Twenty One Pilots, the alternative duo from Columbus known for their unique sound and die-hard fan base, have been on tour since October of last year and are still going strong on the same tour a year later.
The Bandito Tour, which was announced around the same time as the release of their most recent album, Trench, was originally supposed to wrap up in June 2019 with a final show in their hometown.
I couldn’t pull enough strings to attend the original leg of the tour, which was disappointing to say the least.
Shortly after the “final” show in Columbus, they announced that they were going to extend the tour through the fall of 2019. When I heard about this and saw that they’d be doing a show in Cincinnati, I took this as a sign and bought a couple tickets before they sold out.
Was I broke for the rest of the summer after I bought the tickets? Yes. Do I regret it? Absolutely not.
Oct. 22 finally rolled around and I was on my way to see Twenty One Pilots for the first time since 2016.
As soon as we entered the downtown area, the sidewalks were packed with groups of fans heading to the show.
Most were dressed in yellow and army green, which are the theme colors of the current Twenty One Pilots era. It’s also common for concert-goers to apply strips of yellow duct tape to their clothing, which I saw a lot of too.
The fans view the color yellow as a symbol of strength, hope, and protection against fear and anxiety. The band has always been very open about mental health in their music and how important it is to destigmatize the issue.
The first thing I noticed after parking was another group of fans huddled around their car with a roll of yellow duct tape, taking turns embellishing their outfits with the meaningful detail.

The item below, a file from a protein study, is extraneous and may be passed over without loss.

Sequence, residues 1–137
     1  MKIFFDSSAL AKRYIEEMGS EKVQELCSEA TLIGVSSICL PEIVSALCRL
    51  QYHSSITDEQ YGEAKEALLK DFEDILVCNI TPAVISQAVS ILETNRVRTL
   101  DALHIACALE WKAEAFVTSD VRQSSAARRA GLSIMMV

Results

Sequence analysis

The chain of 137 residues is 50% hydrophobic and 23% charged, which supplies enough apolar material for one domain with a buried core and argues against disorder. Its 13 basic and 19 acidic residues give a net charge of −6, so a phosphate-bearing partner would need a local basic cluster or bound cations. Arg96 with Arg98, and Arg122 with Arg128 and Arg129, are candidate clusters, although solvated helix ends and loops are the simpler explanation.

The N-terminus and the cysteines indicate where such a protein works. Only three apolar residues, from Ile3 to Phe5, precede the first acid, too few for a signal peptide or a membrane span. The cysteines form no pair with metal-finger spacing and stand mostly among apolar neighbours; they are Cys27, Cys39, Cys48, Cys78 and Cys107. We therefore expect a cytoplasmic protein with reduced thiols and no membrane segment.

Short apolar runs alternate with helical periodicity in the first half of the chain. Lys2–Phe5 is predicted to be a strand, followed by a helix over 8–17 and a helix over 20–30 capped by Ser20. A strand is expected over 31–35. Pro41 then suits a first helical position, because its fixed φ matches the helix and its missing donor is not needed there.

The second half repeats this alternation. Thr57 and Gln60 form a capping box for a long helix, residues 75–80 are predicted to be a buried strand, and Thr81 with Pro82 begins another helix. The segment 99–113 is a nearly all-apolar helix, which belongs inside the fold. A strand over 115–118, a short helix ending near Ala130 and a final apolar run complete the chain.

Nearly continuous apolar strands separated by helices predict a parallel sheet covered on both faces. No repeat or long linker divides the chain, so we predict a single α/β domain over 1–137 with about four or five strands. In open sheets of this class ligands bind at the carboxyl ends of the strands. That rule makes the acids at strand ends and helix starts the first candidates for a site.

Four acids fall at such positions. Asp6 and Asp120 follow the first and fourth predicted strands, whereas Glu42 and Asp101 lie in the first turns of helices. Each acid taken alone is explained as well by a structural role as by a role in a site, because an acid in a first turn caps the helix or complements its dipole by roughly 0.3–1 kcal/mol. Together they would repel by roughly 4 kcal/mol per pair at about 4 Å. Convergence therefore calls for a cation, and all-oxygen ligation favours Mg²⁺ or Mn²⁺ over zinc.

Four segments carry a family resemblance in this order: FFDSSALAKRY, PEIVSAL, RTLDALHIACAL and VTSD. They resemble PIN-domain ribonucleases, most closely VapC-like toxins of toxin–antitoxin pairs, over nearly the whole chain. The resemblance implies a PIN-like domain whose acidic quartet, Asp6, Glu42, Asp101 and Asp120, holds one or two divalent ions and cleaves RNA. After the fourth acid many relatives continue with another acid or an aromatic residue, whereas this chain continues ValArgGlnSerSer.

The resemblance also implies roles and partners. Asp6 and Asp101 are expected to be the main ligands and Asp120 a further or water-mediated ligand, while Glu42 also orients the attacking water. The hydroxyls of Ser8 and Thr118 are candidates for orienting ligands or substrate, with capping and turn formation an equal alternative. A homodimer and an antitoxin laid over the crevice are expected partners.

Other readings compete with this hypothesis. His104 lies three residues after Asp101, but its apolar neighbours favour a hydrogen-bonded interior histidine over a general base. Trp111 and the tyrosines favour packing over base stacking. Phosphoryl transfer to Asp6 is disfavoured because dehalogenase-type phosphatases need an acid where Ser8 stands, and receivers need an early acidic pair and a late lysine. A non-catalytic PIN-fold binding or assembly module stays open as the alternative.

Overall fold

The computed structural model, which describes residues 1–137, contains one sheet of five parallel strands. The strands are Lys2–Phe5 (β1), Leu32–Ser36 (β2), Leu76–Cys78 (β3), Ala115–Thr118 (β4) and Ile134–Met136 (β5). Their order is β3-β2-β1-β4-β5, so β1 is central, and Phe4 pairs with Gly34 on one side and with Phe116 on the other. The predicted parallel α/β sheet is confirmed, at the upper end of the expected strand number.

Upon finding our seats in the arena, the air of anticipation that filled the space was undeniable and you could tell that every person in there was feeling it too.
The demographic of people in attendance was pretty surprising. I saw people of all different ages, including some children. This was heart-warming to see because it means that the band’s important message is reaching a wider audience than I had previously realized.
After the opening act, MisterWives, completed their set, the final waiting time didn’t even seem very long. The curtain dropped and something in the air suddenly changed. It was no longer built up anticipation that could be felt, but instead an intoxicating shared energy among everyone.
Despite the large size of the crowd, the band managed to make the show feel so intimate.
The high energy and passion that vocalist Tyler Joseph brought to the table was incredibly entertaining. I’m sure it helped that they were back in their home state, too.
Joseph even walked through the crowd several times, which was neat to see because the crowd separated for him and respected his boundaries the whole time.
The last song of the show, “Trees,” was perhaps my favorite part of the night.
The moment should’ve felt bittersweet, but it didn’t. It felt more like a moment of intense pride for being a part of something so special. The way they manage to make the crowd feel with that final song says so much about them as performers.
I’ve heard Twenty One Pilots concerts be compared to giant family reunions, and I couldn’t agree with that more.